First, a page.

History of The Church of Jesus Christ of Latter-day Saints in México

The history of The Church of Jesus Christ of Latter-day Saints in México goes back to 1875, when Brigham Young, then President of the Church, sent Daniel Jones to lead a small group of six missionaries to La Ciudad de México (Mexico City) to distribute Spanish language materials about the Church to Mexican leaders. One of these brochures about the Book of Mormon fell into the hands of Plotino Rhodacanaty, who after reading it, wrote to President John Taylor, Brigham Young’s successor, to request more information about the Church.

Upon arriving in México in 1876, the missionaries divided into two groups. In 1876, Helaman Pratt and Meliton Trejo, a Spanish convert, traveled to Hermosillo, Sonora, where they baptized the first five members in México. In 1885, a group of nearly 400 colonists from Utah arrived at the northern Mexico Casas Grandes River and acquired property. Mexico's first stake (similar to a diocese) was created in Colonia Juárez in 1895. By 1912, more than 4,000 members had settled in Chihuahua and Sonora.

When Rey L. Pratt returned to central México in November of 1917, he found the members had remained faithful in spite of difficult living circumstances. Local Mexican leaders again maintained stability and expanded proselyting work, and in 1930, six local missionaries were called to serve. The first missionaries arrived from San Diego, California, in the 1940s, and local families formed a group that met for worship services in the house of a member.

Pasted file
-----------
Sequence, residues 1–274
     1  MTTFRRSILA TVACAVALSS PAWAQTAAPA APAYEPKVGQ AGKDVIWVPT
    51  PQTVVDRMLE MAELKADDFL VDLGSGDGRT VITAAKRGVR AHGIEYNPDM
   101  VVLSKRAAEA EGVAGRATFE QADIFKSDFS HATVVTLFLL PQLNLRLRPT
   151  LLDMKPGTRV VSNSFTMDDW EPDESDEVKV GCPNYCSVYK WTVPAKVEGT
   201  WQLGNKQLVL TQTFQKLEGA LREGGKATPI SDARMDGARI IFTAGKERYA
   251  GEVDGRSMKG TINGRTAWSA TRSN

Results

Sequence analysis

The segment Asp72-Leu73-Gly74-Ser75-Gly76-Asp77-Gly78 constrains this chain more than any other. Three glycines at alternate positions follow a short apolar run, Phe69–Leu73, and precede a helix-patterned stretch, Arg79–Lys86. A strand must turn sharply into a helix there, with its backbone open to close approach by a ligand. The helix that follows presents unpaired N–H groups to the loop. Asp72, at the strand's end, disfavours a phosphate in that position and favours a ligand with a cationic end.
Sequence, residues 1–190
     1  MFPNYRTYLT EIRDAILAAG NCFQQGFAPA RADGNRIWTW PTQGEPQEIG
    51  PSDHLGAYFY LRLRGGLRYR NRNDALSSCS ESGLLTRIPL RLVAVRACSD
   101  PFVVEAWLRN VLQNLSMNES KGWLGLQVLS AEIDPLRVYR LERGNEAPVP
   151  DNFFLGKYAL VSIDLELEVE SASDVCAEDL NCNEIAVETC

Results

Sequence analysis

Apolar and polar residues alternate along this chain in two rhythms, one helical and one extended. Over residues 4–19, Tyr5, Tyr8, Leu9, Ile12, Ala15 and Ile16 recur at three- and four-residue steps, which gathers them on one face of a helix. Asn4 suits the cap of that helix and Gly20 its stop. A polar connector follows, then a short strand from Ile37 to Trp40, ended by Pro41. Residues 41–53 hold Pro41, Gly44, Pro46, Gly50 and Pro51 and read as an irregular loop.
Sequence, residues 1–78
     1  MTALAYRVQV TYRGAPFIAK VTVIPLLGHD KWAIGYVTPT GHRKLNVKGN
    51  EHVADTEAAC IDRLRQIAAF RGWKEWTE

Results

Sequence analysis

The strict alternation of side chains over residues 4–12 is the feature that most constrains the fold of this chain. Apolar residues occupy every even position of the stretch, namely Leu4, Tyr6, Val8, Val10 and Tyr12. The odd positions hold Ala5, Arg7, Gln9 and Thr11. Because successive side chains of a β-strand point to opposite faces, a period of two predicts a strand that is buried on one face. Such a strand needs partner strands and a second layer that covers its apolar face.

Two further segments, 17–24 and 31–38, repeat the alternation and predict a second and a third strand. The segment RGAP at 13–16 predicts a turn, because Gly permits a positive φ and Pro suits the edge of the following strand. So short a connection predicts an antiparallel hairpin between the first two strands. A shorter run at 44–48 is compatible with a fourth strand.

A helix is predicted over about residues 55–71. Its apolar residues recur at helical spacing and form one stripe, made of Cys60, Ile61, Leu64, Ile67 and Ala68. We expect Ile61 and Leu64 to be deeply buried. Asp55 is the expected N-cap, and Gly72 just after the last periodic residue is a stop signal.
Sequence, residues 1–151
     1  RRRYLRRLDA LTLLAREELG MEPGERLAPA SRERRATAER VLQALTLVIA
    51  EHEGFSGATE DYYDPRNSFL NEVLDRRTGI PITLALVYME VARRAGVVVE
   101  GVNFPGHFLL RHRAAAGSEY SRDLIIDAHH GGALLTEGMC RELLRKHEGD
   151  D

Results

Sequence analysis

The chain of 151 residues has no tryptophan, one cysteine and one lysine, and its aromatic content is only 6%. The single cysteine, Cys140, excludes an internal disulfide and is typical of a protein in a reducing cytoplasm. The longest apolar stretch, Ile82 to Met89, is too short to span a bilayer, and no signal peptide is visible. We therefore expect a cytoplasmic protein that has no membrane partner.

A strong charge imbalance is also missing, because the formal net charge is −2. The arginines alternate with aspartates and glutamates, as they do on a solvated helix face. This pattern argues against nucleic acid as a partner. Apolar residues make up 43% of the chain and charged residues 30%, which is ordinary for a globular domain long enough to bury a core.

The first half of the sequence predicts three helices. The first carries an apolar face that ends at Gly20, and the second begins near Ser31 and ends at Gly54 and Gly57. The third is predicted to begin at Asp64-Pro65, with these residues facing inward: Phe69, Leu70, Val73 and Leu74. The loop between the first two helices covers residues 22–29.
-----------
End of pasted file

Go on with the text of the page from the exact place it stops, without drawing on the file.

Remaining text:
In 1946, Church President George Albert Smith, visited Church members in México, who then numbered more than 5,300. The first congregation of the Church was organized in Tijuana on 25 April 1954. On 3 December 1961, the México Stake was created, with Harold Brown as President. Membership at that time numbered nearly 25,000. Church schools were begun in México in 1959. On 3 April 1976, a temple was announced for La Ciudad de México (Mexico City) and the completed temple was dedicated on 2 December 1983 by President Gordon B. Hinckley. At that time, membership in México was conservatively numbered at about 240,000. And, on 23 May 1976, the first Tijuana stake (similar to a diocese) was established, with Carlos Mendez Zullik as its first President.

México was the first country outside the United States to have 100 Latter-day Saint stakes. An historic moment came on 29 June 1993, when the Mexican government formally registered the Church, allowing it to own property. President Howard W. Hunter visited México to create the Mexico City Contreras Stake, the Church's 2,000th, on 11 December 1994.

A Picturesque Tour of the Tijuana México Temple

The following pictures from Mormon Newsroom of the inside of the Tijuana México Temple were officially released by The Church of Jesus Christ of Latter-day Saints on 10 November 2015.

Open House and Cultural Celebration Announced